Yes, I know, the president said you could keep your plan. Presidents say a lot of things that sometimes turn out not to be true despite their best intentions. Some even invade other countries on the basis of information that turns out to be wrong. It’s bad to have your access to a superior health care plan delayed, but not as bad as botching the invasion of an entire country. The president has apologized and moved to fix the matter. When all is said and done, the number of people who will want to stay on their previous plans where they got worse coverage and no subsidy will be small. (The number of happy people, on the other hand, is growing.) There's even some evidence that the website is actually working a lot better, and the more it works, the more there will be good stories about people actually being helped.

Plus, at this time of Thanksgiving, we should reflect on the people this law is intended to help. Two-thirds of those signing up on the individual insurance exchanges nationwide are expected to be people who didn't have any insurance previously, either because they couldn't afford it or because they were barred by preexisting conditions. Let’s not compare this law to metaphysical perfection, but to the brutal system it seeks to improve. Forty-eight million people in this country are without insurance, which is a national disgrace. They're not as comfortable as we are. A lot of them are now able to sign up for Medicaid, a program we've never debated at this table because it's pretty popular. The law anticipates the costs associated with that spike in Medicaid enrollment. (Bean counters at the Congressional Budget Office nevertheless claim that the law will cut the deficit by $109 billion by 2022.) Health care inflation, one of the drivers of government debt, is already down because of the Affordable Care Act.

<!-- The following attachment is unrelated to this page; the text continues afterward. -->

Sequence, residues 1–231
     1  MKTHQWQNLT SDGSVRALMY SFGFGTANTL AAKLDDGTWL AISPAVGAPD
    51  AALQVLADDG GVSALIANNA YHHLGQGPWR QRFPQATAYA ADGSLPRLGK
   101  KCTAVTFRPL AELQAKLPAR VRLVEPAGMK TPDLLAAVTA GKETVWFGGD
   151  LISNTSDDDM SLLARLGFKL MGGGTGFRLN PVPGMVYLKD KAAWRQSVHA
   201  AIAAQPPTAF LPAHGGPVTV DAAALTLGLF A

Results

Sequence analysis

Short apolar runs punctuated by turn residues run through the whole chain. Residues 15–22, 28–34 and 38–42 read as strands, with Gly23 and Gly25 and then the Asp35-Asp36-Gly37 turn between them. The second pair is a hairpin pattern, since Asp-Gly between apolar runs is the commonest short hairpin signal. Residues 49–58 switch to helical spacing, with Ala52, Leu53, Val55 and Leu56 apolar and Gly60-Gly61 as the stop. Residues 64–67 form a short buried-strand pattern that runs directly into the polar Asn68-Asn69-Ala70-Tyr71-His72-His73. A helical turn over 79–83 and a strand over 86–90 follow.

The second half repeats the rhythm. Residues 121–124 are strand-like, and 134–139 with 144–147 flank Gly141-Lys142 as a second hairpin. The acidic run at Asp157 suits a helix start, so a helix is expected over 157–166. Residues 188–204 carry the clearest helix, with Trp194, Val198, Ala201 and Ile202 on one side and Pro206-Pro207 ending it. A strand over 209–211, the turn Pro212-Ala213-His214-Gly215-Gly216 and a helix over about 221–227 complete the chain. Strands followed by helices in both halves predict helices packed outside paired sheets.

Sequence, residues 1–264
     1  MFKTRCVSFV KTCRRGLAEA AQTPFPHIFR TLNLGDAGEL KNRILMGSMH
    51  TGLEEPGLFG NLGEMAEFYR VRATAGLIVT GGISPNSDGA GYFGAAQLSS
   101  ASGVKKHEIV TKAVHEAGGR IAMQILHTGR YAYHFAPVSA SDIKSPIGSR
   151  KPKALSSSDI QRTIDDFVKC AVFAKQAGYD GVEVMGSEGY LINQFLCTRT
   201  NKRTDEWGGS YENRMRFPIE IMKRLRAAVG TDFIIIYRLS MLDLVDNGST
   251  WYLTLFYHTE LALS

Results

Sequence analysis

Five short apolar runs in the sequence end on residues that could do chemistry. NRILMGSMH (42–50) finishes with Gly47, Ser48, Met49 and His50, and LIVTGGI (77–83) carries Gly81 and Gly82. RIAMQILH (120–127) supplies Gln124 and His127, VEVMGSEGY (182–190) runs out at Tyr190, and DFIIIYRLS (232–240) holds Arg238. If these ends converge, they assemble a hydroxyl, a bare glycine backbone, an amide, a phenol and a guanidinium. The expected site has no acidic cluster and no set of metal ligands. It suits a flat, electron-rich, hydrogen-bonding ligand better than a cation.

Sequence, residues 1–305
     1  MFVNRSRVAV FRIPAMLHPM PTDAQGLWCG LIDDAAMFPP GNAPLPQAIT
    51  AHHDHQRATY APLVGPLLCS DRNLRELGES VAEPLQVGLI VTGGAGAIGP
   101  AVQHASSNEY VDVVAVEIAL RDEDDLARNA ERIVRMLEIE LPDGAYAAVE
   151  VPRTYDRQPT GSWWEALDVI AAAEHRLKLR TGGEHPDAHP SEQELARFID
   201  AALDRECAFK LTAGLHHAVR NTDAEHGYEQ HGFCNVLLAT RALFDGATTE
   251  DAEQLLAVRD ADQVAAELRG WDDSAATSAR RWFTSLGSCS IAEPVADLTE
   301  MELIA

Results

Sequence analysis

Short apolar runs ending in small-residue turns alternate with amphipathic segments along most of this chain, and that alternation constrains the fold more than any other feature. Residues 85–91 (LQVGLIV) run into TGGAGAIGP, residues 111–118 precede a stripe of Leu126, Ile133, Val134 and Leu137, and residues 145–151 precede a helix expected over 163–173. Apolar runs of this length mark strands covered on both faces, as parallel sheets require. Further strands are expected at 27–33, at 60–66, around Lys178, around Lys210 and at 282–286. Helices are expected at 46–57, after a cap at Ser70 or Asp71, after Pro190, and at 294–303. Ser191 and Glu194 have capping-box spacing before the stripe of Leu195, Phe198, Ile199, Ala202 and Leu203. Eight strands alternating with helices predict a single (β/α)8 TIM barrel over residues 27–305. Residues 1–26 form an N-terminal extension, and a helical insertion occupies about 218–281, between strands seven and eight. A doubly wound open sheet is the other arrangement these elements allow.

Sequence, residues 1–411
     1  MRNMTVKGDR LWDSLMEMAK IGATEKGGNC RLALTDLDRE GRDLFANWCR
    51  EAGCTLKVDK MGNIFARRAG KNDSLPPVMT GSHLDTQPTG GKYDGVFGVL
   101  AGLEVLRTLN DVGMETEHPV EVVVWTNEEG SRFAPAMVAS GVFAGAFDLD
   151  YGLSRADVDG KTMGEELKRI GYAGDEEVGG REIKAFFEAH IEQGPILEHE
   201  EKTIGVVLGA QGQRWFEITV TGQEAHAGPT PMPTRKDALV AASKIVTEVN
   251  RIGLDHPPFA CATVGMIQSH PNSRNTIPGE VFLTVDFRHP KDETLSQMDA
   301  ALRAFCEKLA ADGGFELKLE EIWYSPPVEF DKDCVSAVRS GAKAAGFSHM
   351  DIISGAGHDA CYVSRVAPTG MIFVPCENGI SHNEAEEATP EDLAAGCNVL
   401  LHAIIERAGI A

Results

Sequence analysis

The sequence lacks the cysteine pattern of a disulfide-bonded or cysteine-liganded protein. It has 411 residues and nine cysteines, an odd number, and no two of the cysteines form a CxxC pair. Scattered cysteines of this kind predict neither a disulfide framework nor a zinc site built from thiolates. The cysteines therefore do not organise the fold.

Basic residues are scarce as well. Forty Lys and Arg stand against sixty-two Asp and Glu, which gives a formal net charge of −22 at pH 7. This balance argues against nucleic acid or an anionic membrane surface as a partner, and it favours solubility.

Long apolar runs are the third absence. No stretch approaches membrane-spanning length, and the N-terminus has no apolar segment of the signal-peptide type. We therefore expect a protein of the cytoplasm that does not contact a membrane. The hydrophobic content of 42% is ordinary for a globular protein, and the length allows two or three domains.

You are against Obamacare: The website is a mess because the program is a mess. As Mom used to say, "What starts out twisted stays twisted." The president oversold the benefits of the website just as he oversold how painless the entire law was going to be. He thought he could get away saying that if you liked your insurance you would be able to keep it. Why? Because he assumed the people who didn’t like their old plans would love their freshly minted Obamacare plans. Guess what, they don't. Now he's had to spin like mad—including making the estimates of coverage on the website look better than they areand modify parts of the law by delaying the employer mandate and open enrollment next year. He faces a fundamental problem: The federal government can't take on a project of this size. That’s why 56 percent of the public doesn’t agree with the underlying goal that every American should have health insurance, a record high.